AG Files SCOTUS Brief Opposing California Union Regulation
Mike Seals - September 3, 2020 12:11 am
Brief: Regulation amounts to a physical taking of private property
OKLAHOMA CITY – Attorney General Mike Hunter today filed a brief with the U.S. Supreme Court, asking the justices to review a lower court’s decision regarding a California labor regulation that allows union organizers to enter the private property of agricultural producers for up to three hours a day, 120 days a year.
The brief, in support of two California fruit farms that challenged the union regulation, argues it creates an unconstitutional taking of private property under the 5th Amendment because it forces the farms to allow access to non-employees to their property without providing compensation.
In 2019, the U.S. Court of Appeals for the 9th Circuit rejected the claim brought by the companies, finding that there is no physical taking when a right of entry has time restrictions.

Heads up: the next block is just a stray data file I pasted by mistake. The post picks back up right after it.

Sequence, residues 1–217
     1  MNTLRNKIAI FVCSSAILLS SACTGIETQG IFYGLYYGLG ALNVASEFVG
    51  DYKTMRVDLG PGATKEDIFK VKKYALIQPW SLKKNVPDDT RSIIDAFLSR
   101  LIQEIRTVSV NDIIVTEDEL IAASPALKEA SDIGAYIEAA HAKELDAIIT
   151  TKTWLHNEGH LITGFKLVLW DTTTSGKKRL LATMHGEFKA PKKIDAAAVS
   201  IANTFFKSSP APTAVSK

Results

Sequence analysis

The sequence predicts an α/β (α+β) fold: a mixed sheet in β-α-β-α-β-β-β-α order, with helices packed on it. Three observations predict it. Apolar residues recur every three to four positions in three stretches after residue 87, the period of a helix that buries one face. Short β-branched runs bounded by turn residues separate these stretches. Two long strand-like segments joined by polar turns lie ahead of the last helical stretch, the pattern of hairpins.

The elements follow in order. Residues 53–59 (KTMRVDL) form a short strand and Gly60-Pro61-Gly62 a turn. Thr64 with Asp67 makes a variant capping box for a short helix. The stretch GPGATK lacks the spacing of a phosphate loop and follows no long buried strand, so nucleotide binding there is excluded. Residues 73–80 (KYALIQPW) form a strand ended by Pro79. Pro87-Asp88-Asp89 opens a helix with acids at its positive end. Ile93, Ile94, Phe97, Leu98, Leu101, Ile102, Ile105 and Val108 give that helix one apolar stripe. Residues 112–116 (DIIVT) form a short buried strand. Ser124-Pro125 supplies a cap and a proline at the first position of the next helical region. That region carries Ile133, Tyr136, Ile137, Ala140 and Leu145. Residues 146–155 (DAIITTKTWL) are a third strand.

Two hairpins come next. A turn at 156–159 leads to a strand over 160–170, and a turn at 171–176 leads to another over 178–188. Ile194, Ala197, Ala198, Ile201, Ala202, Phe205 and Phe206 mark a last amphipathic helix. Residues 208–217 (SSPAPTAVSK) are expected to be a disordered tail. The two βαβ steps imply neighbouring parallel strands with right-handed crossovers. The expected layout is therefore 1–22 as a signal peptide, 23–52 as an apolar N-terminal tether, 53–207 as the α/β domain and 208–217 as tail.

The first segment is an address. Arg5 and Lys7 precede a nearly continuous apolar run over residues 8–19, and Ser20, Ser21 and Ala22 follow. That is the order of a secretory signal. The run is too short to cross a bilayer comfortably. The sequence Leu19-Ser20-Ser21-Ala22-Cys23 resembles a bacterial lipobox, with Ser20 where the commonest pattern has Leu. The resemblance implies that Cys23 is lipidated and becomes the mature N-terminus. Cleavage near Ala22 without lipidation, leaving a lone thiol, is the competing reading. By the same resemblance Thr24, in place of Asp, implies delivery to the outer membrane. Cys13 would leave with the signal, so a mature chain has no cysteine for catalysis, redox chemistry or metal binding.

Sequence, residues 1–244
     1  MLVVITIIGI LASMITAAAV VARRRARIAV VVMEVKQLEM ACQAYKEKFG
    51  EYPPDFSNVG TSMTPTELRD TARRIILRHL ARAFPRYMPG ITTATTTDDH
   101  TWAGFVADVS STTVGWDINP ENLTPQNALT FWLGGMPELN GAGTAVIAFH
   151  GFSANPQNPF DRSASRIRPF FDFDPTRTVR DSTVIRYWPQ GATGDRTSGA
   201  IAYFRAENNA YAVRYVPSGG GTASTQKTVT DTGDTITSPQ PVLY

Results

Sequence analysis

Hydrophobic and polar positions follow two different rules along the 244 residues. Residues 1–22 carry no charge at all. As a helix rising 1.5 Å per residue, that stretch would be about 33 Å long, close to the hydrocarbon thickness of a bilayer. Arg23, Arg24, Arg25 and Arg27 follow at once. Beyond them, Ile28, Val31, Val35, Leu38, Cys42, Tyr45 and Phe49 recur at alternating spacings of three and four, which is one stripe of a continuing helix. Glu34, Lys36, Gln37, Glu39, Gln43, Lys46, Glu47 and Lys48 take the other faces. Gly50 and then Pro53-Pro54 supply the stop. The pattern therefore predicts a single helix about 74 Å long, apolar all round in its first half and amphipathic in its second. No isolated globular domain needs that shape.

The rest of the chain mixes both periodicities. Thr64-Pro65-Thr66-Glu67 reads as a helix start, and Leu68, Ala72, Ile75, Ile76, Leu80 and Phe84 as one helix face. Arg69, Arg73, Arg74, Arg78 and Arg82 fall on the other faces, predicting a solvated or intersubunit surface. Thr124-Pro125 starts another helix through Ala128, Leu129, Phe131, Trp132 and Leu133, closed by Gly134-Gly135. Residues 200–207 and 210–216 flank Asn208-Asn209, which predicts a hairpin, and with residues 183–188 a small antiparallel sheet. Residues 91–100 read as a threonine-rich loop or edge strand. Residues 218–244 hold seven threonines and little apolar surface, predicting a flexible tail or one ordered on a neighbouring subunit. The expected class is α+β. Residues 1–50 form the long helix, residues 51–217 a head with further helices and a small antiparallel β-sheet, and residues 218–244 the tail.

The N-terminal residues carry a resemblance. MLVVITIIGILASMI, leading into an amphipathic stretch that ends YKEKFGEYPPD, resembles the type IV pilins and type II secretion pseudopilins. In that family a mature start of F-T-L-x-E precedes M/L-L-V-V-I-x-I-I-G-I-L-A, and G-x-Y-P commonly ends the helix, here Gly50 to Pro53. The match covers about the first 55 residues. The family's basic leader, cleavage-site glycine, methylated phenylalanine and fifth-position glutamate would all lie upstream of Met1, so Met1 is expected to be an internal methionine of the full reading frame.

Attorney General Hunter said that the U.S. Constitution protects citizens’ property from this type of burdensome takeover.
“This is about protecting private property rights and standing against another absurd California regulation that amounts to a physical invasion of private property,” Attorney General Hunter said. “There is well-established precedent that protects farmers and other landowners from this type of extreme directive. If upheld, the decision by the Ninth Circuit stands to directly harm private property interests in states across the nation. It is vital for my colleagues and I to stand up for these farms and protect private property owners in our states.”
Signing the brief with Attorney General Hunter were attorneys general from six states.
The brief acknowledges that while the sign-on states and their citizens are not California residents, the U.S. Court of Appeals for the 9th Circuit’s decision has implications beyond California.
The federal government’s eminent domain power, or the ability to take private property for public use, is controlled by the Takings Clause of the 5th Amendment. If the 9th Circuit’s decision stands, it would give the federal government more power to invoke eminent domain in other states.
The attorney general writes that states have a longstanding commitment to protecting private property rights.
“It is a universal principle that wherever an individual’s right of property ownership is recognized in a free government, other rights become worthless if the government possesses uncontrollable power over the property of the individual,” the brief contends. “The constitutional guaranty of the right to own and use property is unquestioned.”
Read the brief, here: https://bit.ly/2QRKfvK.